INFJs can understand that when an INTJ is processing their thoughts, they aren’t necessarily being judgmental or mean. Meanness or niceness isn’t part of the equation to them, they’re just trying to find the most efficient, correct way to do something. They can love someone tremendously and still point out errors in logic and they would be happy for someone else to point out if there is an error in their logic as well.
INTJs can understand that when INFJs are processing something logically or trying to solve a problem, they will go inwards and try to solve it in a more private way. Interruptions, talking it out, or “extraverting” that process can throw them off. They also don’t desire to impose order on others and have a hard time delegating in many cases. When INTJs try to “fix” a problem that an INFJ is having, the INFJ can find it as overly intrusive and meddling in the same way that INTJs can find INFJs intrusive when they try to draw out their emotions.
Strengths of The INFJ/INTJ Relationship:
– Both types are goal-oriented and can help motivate each other to reach their biggest dreams.
– Each of these types are big-picture people who love exploring ideas and possibilities for the future.
– Both are independent and analytical.
– Loyalty and commitment is important to both types.
– Both are good at foreseeing future implications and planning accordingly.
– The introversion needs of both types will be respected.
– Both support each other’s need for closure in decisions.
Weaknesses of the INFJ/INTJ Relationship:
– They can clash in decision-making because of the thinking/feeling divide.
– INTJs can see INFJs as too sensitive and INFJs can see INTJs as too cold
– INFJs tend to be more relational and want a more transparent relationship, and INTJs are more reserved.
– Both tend to be very stubborn and single-minded and can have intense debates over disagreements.
– INTJs, when provoked, tend to take on a superior attitude. INFJs, when provoked, tend to take on a morally righteous attitude. They can have power struggles and refuse to back down.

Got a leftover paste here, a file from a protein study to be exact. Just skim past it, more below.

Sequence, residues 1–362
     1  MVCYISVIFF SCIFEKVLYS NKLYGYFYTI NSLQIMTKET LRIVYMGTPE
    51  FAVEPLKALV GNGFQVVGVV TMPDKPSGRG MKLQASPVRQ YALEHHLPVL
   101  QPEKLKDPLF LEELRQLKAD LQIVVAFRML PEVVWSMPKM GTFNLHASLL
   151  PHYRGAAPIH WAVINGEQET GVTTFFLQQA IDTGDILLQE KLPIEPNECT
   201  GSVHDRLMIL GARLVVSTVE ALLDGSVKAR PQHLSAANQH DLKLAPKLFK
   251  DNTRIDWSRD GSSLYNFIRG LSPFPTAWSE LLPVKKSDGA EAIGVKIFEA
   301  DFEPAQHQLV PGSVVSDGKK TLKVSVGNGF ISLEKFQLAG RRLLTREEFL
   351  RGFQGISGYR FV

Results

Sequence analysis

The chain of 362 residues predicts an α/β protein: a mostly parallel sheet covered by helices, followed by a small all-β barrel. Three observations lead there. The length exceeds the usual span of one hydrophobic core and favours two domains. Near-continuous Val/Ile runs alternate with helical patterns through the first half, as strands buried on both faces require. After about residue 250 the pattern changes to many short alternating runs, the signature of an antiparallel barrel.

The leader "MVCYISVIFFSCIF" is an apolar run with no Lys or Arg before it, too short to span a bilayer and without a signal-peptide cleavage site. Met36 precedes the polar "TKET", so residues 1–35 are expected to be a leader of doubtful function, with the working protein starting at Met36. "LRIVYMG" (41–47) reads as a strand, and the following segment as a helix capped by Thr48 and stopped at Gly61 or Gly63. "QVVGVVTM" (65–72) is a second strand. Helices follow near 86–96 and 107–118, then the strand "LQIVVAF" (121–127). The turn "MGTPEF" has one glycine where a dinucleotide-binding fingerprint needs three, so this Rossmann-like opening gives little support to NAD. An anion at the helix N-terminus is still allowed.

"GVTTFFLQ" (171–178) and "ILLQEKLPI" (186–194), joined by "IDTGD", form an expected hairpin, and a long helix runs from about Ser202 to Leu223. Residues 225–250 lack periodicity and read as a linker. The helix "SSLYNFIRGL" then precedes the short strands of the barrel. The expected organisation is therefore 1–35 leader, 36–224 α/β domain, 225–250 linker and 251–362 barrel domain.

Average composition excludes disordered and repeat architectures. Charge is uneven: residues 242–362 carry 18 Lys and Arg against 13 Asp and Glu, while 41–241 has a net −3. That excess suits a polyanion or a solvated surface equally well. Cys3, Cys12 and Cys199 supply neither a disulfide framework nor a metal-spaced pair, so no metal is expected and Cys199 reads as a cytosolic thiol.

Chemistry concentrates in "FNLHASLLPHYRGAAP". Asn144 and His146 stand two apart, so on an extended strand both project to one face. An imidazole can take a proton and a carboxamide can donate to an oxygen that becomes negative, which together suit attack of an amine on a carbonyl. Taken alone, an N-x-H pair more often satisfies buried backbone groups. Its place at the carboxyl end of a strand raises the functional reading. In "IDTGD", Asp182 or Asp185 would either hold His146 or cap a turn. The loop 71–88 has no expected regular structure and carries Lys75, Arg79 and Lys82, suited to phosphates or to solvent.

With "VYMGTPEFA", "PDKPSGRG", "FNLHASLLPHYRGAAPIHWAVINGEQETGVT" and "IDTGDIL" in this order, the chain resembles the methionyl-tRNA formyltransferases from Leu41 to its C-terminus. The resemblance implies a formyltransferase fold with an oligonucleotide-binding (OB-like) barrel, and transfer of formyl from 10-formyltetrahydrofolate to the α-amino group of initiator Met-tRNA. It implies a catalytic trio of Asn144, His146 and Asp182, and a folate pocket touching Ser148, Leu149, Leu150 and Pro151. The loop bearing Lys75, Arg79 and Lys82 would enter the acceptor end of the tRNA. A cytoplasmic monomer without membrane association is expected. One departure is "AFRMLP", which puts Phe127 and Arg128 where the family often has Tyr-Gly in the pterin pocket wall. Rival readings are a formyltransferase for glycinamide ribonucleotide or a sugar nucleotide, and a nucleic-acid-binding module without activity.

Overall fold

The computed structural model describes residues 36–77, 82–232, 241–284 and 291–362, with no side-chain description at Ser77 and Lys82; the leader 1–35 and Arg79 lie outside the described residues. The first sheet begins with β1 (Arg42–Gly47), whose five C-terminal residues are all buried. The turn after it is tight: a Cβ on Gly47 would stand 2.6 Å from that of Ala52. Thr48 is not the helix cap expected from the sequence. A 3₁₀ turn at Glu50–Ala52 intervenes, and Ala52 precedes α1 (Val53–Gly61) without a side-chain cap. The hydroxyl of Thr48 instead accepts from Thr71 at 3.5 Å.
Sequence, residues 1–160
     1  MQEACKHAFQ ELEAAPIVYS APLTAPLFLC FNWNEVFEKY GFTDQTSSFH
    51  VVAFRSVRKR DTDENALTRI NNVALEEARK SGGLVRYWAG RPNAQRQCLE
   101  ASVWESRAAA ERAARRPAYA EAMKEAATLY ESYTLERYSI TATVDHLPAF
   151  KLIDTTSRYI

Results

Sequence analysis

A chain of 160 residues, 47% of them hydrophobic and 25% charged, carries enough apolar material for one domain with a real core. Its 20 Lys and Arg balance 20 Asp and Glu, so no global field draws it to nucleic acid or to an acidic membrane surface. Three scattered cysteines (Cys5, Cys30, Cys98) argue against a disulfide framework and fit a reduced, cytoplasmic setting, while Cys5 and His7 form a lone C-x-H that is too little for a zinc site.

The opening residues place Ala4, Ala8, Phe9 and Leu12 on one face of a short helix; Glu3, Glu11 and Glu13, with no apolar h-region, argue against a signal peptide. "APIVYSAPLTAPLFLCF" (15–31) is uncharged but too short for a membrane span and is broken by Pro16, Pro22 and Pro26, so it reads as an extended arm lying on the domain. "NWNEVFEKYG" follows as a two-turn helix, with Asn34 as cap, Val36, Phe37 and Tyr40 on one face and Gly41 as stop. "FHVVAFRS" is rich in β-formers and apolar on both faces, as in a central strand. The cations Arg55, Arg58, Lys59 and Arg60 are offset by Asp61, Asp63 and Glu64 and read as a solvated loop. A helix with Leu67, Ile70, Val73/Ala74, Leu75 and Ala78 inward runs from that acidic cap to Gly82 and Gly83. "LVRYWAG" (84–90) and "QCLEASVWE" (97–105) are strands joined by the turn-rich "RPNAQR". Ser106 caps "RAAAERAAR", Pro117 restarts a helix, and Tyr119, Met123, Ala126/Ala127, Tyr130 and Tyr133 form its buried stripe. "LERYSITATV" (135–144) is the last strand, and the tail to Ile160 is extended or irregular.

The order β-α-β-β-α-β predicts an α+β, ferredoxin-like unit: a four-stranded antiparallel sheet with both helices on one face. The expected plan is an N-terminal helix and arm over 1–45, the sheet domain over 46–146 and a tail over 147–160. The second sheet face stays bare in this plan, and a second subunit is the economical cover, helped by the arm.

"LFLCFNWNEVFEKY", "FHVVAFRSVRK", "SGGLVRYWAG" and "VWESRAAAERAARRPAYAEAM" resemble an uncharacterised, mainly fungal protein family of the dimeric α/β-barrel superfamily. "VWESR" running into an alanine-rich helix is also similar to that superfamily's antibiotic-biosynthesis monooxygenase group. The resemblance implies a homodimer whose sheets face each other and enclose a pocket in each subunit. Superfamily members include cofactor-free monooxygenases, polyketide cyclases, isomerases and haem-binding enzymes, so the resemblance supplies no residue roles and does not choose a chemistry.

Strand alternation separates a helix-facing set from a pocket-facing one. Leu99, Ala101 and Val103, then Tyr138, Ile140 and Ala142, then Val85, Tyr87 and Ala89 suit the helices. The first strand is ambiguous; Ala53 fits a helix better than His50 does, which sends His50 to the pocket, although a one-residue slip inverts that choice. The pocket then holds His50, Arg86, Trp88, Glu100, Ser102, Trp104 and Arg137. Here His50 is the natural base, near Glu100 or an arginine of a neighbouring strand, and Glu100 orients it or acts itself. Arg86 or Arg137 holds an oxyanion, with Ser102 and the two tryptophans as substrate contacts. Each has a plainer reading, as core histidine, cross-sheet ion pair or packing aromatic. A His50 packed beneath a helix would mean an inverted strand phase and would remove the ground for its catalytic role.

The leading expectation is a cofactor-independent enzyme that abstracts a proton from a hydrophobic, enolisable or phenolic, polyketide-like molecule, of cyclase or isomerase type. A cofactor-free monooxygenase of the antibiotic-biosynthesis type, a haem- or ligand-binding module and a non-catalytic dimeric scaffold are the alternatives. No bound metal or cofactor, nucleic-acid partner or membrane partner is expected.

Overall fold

Tips for INTJs in Relationships with INFJs:
– Learn about the INFJ personality type! The more you know, the easier it will be.
– Be patient of the INFJs feelings. Understand that even if their feelings don’t seem logical, they are still valid.
– Listen attentively.
– Respect their empathy and warmth.
– Ask their advice when it comes to relationships, handling other people’s feelings, or understanding their motivations.
– Try to express your feelings. When you clam up it can make the INFJ think you’re mad at them or dislike them.
– Don’t assume that since they don’t outwardly express their logic all the time they aren’t thinking analytically.
Tips for INFJs in Relationships with INTJs:
– Learn about the INTJ personality type! The more you know, the easier it will be.
– Be direct in expressing what you want and need in the relationship. Don’t expect your partner to just “get” it.
– Listen attentively.
– Respect your partner’s expertise and knowledge. If you’re unsure of their logic, question them privately, not publicly.
– Ask for your partner’s opinion on projects and goals you wish to pursue. Ask for help in coming up with an efficient plan of action.
– Don’t assume that since they don’t outwardly express their feelings all the time that they don’t have them.
What Are Your Thoughts?
Do you agree or disagree with this article? Do you have any thoughts or insights to add? Let us know in the comments!